With its evening gowns, celebrity judges and tears of joy, the beauty pageant in Kenya’s capital was like others elsewhere, except for one thing – all 20 contestants who strutted, sashayed and swaggered down the catwalk had albinism. In the world’s first contest of its kind, 10 men and 10 women competed in the Mr and Miss Albinism Kenya pageant this month in Nairobi. Its motto was “Beauty Beyond the Skin”.
The competition, which drew a crowd of about 1,000 including Deputy President William Ruto, was designed to celebrate people with albinism – who lack pigment in their skin, hair and eyes – and challenge stigma and persecution.
“Even when I was dating, it was difficult for girls to say I’m handsome,” said Isaac Mwaura, Kenya’s first parliamentarian with albinism and founder of the Albinism Society of Kenya, which organised the pageant.
“I knew I was handsome (but) people with albinism are seen as not beautiful, as not good-looking, and that has an effect on their self esteem,” he told the Thomson Reuters Foundation.
People with albinism are frequently shunned, attacked and even killed across Africa. In many countries, their body parts are believed to bring wealth and good luck and are prized in witchcraft for use in charms and magical potions.
Albinism is a congenital disorder affecting up to one in 15,000 people in sub-Saharan Africa.
Witch doctors are willing to pay as much as $75,000 for a full set of albino limbs for use in black magic, according to the Red Cross.
Attacks on albinos in Africa rose at the end of last year, linked to a growing demand from political hopefuls seeking good fortune in the run-up to elections in several countries, according to the U.N.’s first human rights expert on albinism.
Mwaura said albinism is seen as a curse in Kenya and all contestants have been taunted and called “zeru”, which means “ghost”, or “pesa”, a Swahili word for money, in reference to the value of their body parts.
“Our girls are not getting married,” Mwaura said. “They are beautiful women, and you find people don’t want to walk around town with them, so we thought, ‘Let’s use this opportunity to confront stigma and discrimination.'”
GLITTER AND TEARS
Like the other contestants, 19-year-old Lucianah Nyawira took part in a week-long boot camp to get ready for the competition. There they practised poses and got preened and plucked into shape.
With high cheekbones, pouty lips and blue doe eyes, the pageant’s youngest contestant had been modelling for the past two years, while studying international relations in Nairobi.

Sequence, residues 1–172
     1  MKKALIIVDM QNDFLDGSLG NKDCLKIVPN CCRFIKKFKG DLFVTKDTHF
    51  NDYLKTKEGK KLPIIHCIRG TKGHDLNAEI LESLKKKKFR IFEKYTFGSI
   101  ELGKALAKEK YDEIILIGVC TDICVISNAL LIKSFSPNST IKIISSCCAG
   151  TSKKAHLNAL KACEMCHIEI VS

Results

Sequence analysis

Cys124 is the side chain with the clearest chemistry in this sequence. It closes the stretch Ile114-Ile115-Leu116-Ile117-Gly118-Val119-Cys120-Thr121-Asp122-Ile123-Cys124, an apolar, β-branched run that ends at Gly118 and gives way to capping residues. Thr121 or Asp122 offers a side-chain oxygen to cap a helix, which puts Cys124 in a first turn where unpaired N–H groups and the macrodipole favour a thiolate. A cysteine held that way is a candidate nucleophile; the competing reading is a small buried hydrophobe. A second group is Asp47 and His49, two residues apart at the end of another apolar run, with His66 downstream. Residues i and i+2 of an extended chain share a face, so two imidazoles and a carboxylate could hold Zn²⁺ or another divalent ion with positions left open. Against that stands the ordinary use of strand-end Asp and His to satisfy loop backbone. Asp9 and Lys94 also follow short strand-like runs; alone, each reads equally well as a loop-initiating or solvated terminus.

The girl from the rural county of Kirinyaga recently landed a six-month contract in Paris that she will take up in January.
But success abroad doesn’t match her treatment at home.
“Recently the judges told me, ‘You can never be a model,'” she said. “‘We just want dark-skinned models.’ They told me I’m wasting their time and my time so I should just pack my things and go.”
Nyawira said rejection began with her first breath. When her father saw his wife had given birth to an ostensibly white baby, he kicked them out, imagining his daughter was the product of an affair with a “mzungu” – a white foreigner.
“I feel if I have the crown people will listen to me,” she said before the final judging. “If I have the crown, I can go to my governor and tell him, ‘I’m Miss Albinism Kenya,’ and ask him questions: ‘What are you doing for people with albinism in this county?'”
In the end, Nyawira didn’t win.
“I’ll just concentrate on high fashion from now,” she said, her face stained with tears and glitter.
DREAM COME TRUE
At 28, the contest’s oldest male competitor, John Ngatia, has a boyish charm and a refusal to acknowledge limitations. Married with a five-month-old son, Ngatia has achieved something that eludes many Kenyans – he has a permanent job, working for Kenya’s Water Resource Management Authority. But he said the beauty pageant brought to life something he had long yearned for.
“This is my dream come true. Now I feel like a professional model. I can even teach people how to catwalk.” Ngatia said his successes in life had a lot to do with attitude.
“I do anything (others) are doing. Sometimes I even forget I’m a person with albinism, unless a person starts reacting differently. That’s when I remember, ‘Oh, I’m different.'”
After the pageant, Ngatia was upbeat about taking the first runner-up position and magnanimous in defeat “I feel nice, even though I didn’t get Mr Albinism – I don’t have any grudge with my friend (winner Jairus Ongetta). I’m making jokes with him.” Pageant organiser Mwaura wasn’t worried the event risked damaging already delicate self-esteem.
“They’re competing amongst themselves so there’s no room for somebody to say, ‘I was discriminated against.'” He said he had high hopes for the pageant’s future, including producing a Miss Kenya with albinism. He also wants to make the pageant pan-African, and eventually global.
“We need to actually tell our story from our point of view because most of the time when our story is told by other people they say it from a point of pity. We want to show that, yes, there’s a positive side to albinism.” (Reporting by Amanda Fisher; editing by Katie Nguyen and Timothy Large; Please credit the Thomson Reuters Foundation, the charitable arm of Thomson Reuters, that covers humanitarian news, women’s rights, trafficking, property rights and climate change.